By Bonnie Gangelhoff
You were raised in a small Alaskan port town surrounded by Northwest Coast traditions. How has this influenced your work? I understand the real power of totems. My totemic series comes from the totem traditions of the Tlingit and the Haida.
How did you end up settling in Boulder? I came here in 1968 for a job at the University of Colorado teaching German and Swedish literature and languages. I bought my property here in 1972 and although I travel a lot, I always have returned here.
When did you become interested in sculpting? I always knew as a kid that I wanted to be an artist, from the time I was growing up in Alaska. In 1974, I had a Fulbright scholarship and studied literature, language, art, and aesthetics at the University of Bremen in Germany. Every day on the way to the university I walked through a park where sculptors were making work in public. It started taking me longer and longer to get to the university. Eventually, I met and apprenticed in stone sculpture with Otto Almstadt and Moritz Bohrmann.
What advice do you give to some of your apprentices who come to work with you? You don’t have to write a manifesto before you pick up a tool.
Does your perch up in the Rocky Mountains with panoramic views of nature influence your work? Of course. I watch the light change every hour of the day. There aren’t any street lights that come on up here, and you get beautiful light. But I don’t copy nature in my work; I’m about pure form.
What are your sources of inspiration? I don’t like the word inspiration. But would I have created my Resting Stone series if I had not spent three months studying Kyoto gardens or if I had not spent time on an Oregon beach that sparkled with black rocks? I don’t know. I work in series, and one series usually leads to another. I don’t know what I will make next, but it will grow out of what I’m doing right now.
Some of your pieces have apertures or holes that allow light to pass through. Are there other themes that run through your works? I want my sculptures to swim, fly, and float without being a fish or a bird. Sculpture can be so heavy.
Do you draw ideas or let the stone speak to you? I don’t draw. The stone doesn’t speak to me. I don’t want some kind of dialogue with the granite or to see a figure in it. I use intuition. I like working with Swedish black granite because of its resistance; you have to push against it. But it doesn’t talk to me. I tell it, “This is the form I want.”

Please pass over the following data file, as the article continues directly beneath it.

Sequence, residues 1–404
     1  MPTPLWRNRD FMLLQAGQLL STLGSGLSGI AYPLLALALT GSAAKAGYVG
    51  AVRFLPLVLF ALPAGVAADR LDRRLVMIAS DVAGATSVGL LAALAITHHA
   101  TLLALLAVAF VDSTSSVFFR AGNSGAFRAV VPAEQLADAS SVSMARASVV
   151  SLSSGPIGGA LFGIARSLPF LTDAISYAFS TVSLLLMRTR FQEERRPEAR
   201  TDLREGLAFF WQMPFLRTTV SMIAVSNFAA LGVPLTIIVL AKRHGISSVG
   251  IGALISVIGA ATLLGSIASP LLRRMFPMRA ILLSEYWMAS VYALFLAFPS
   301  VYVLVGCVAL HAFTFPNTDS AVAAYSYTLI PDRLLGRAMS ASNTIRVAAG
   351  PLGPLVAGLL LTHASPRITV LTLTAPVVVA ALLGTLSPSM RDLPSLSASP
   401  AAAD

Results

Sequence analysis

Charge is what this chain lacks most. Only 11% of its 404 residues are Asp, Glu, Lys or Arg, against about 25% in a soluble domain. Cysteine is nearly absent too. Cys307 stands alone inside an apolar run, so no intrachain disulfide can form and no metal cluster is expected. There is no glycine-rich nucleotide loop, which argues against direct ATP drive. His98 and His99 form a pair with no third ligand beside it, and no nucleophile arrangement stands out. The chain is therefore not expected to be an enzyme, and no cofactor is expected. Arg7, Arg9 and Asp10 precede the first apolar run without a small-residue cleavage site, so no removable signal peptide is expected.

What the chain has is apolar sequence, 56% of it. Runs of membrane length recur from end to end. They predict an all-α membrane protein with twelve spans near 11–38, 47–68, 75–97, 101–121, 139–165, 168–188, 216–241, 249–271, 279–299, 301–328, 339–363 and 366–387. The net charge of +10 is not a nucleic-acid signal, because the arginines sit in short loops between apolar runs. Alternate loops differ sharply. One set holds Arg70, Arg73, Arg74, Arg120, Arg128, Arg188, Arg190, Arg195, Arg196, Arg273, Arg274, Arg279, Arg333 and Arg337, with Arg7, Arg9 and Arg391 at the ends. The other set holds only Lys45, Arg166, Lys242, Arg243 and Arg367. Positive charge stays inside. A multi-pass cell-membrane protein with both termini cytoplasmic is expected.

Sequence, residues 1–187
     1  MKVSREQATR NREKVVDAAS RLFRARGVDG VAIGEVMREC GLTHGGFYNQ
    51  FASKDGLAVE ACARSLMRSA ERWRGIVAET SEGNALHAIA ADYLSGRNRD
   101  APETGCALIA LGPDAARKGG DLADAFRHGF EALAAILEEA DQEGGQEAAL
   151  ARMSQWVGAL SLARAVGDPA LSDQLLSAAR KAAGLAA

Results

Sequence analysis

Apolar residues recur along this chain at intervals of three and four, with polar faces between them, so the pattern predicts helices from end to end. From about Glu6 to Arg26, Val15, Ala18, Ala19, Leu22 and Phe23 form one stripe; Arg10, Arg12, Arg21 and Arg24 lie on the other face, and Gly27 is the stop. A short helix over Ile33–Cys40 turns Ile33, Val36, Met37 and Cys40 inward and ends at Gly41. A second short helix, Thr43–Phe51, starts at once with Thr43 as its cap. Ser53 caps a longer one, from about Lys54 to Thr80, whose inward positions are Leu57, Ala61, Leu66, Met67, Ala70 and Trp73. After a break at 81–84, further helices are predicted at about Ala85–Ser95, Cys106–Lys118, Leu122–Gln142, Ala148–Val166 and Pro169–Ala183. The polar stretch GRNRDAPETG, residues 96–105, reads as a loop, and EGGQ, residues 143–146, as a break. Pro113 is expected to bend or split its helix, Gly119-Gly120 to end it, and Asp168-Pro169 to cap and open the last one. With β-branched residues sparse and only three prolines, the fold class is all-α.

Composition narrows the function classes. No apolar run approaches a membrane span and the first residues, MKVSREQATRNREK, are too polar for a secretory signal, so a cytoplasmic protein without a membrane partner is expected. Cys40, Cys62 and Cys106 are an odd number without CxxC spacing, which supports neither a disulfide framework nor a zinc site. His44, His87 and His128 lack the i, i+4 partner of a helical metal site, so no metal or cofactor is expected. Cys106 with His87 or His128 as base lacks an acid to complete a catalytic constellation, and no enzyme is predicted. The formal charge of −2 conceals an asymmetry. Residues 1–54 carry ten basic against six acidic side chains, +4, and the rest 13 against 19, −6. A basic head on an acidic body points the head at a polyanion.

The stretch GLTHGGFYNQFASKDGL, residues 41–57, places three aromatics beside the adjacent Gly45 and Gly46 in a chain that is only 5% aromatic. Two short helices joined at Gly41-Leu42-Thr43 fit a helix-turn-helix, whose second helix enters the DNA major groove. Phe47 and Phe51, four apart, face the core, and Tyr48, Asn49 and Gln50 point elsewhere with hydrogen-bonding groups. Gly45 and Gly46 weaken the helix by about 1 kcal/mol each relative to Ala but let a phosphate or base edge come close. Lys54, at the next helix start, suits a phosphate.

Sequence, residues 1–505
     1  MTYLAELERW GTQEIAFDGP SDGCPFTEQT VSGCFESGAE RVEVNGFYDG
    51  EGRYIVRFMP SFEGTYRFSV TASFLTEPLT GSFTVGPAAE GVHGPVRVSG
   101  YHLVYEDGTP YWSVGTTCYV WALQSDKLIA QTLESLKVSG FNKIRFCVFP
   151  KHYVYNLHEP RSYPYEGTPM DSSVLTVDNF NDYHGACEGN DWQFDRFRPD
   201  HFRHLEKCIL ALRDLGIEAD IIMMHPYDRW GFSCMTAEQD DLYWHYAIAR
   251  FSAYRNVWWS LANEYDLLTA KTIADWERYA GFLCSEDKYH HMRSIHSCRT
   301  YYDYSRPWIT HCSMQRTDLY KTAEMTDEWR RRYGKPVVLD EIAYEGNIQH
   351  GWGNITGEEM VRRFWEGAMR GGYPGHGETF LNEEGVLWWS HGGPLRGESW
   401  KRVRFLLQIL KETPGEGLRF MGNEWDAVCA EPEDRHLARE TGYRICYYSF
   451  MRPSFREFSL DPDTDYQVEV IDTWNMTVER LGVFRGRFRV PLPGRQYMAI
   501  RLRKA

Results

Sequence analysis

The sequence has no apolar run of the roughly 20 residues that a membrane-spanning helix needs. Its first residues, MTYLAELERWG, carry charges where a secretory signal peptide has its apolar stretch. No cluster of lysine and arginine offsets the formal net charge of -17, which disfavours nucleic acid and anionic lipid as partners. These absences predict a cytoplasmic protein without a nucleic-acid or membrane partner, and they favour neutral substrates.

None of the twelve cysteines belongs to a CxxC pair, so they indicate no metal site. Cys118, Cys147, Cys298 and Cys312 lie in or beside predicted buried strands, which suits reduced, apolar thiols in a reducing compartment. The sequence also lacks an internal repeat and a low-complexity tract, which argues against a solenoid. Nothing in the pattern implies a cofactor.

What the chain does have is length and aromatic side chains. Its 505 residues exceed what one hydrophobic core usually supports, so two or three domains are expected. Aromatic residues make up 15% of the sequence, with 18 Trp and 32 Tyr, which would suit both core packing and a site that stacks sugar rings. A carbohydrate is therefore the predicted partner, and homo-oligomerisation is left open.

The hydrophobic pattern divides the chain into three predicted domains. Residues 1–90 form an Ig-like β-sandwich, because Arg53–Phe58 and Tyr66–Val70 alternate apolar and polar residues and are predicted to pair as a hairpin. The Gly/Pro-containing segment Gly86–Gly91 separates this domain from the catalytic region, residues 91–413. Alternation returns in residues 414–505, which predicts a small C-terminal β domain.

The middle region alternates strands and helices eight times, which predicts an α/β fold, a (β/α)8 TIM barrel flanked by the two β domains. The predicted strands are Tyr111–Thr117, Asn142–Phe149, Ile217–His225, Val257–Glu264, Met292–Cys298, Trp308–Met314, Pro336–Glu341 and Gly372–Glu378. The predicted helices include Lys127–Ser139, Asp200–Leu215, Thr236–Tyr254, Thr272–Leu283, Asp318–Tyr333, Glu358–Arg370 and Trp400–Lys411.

What is your definition of a great artist? A great artist like Brancusi, Noguchi, David Smith, or Richard Serra creates work that makes so much new space that aspiring artists can work in that space. Brancusi made space for Noguchi to work in and Noguchi make space for Barbara Hepworth and Henry Moore to work in. I thank all of them for the space they created. I hope I can create that space for someone else.
What comments give you satisfaction when people view your work? “You make work that I haven’t seen before.”
You don’t like to be photographed with your sculptures. Why? I think it’s corny and clichéd. The artist’s ego overpowers the work. I may stand next to a 13-foot stone sculpture of mine, but it’s hard to feel self-important next to that. Being an artist does take ego, because you’ve got to believe in what you are doing. But it has to come with a pinch of self-doubt. You have to doubt and question what you are doing all the time.
When you are not making art, what do you enjoy? Eating well and drinking well.
You have a show this month at Lisa Harris Gallery in Seattle, WA. Is there a theme? I will be showing my Resting Stone series on a platform. It’s as much about space as it is about the stones—the space between the stones and the space created by the placement of the stones. It’s the quietest work that I have done.
Wingren is represented by Lisa Harris Gallery, Seattle, WA, and Blink Gallery, Boulder, CO.
Featured in “My World” October 2007